Sally Ride, astronaut and teacher

Sally Ride, America’s first woman in space, died yesterday of pancreatic cancer at the age of 61. A physicist, Ride devoted her post-NASA career as an educator to making science “cool” for young people, writes RiShawn Biddle on Dropout Nation.

With her life partner, Tam O’Shaughnessy, Ride founded Sally Ride Science, which trained science teachers and organized summer science camps and festivals.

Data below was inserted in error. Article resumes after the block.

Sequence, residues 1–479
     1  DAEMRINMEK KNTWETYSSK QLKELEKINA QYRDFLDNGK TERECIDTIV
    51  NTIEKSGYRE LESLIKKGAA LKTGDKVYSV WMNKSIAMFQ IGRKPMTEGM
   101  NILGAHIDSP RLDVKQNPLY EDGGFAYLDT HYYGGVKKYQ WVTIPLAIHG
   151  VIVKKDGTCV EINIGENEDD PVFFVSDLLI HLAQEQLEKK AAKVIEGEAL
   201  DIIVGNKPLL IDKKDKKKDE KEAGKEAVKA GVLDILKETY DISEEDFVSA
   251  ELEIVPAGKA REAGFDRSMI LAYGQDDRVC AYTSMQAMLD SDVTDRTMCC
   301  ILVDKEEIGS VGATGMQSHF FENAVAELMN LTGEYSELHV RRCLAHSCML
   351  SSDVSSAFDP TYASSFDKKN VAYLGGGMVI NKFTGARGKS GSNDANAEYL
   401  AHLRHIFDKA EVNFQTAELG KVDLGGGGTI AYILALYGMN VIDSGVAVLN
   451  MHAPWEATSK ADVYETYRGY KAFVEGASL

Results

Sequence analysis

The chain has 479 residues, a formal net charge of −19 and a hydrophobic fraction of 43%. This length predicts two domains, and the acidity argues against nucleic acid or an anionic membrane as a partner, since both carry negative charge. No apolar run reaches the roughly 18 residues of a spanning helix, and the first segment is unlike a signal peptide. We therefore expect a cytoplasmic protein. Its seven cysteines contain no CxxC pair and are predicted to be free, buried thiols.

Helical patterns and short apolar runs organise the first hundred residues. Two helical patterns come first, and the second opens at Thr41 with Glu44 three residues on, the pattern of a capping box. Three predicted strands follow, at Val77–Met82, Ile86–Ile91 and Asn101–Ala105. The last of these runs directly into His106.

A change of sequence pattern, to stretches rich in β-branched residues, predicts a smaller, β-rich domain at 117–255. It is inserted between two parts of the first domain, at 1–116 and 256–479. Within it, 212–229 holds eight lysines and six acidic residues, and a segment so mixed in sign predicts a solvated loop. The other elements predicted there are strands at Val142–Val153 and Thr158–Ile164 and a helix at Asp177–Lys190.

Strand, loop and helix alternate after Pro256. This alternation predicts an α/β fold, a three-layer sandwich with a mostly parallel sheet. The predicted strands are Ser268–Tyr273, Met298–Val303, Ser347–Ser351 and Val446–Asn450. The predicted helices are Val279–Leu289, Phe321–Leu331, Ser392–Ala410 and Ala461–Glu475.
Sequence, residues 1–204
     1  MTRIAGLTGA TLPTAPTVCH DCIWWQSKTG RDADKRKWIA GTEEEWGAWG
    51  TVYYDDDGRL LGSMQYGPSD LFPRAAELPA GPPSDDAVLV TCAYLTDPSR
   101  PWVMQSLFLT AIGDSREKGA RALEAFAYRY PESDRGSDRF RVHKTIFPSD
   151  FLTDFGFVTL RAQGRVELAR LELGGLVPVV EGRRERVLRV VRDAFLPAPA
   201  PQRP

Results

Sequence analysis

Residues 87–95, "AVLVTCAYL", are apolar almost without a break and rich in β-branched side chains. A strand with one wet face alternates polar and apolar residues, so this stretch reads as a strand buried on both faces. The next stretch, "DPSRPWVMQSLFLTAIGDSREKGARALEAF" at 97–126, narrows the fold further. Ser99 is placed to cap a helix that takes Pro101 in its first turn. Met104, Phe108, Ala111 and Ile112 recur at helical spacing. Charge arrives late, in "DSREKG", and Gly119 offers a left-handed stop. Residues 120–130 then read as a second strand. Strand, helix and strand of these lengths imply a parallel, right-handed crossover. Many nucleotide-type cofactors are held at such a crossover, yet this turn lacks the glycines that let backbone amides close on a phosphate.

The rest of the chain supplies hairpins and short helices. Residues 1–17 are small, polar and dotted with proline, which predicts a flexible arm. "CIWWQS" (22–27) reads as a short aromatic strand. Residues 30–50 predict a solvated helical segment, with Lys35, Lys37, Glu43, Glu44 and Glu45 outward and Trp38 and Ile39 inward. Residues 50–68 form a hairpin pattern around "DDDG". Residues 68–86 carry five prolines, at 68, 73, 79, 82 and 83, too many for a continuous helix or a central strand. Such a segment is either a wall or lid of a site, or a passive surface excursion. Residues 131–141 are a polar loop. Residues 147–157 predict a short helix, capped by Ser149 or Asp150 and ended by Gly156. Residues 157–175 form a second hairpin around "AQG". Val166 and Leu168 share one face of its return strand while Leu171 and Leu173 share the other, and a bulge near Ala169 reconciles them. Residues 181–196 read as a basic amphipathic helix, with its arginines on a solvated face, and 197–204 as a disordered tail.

. . . as a board member of one ExxonMobil spinoff, the National Science and Math Initiative, … she made her greatest contribution. Through her role, NMSI has worked to give more young men and women, especially from poor and minority backgrounds, access to the strong, comprehensive college-preparatory education they need to get into the science and math fields that are the drivers of prosperity in an increasingly knowledge-based global economy. This includes its Advanced Placement recruitment initiative, which now works with 228 high schools in seven states to improve the success of black and Latino teens in math and science.

She was a very cool person.

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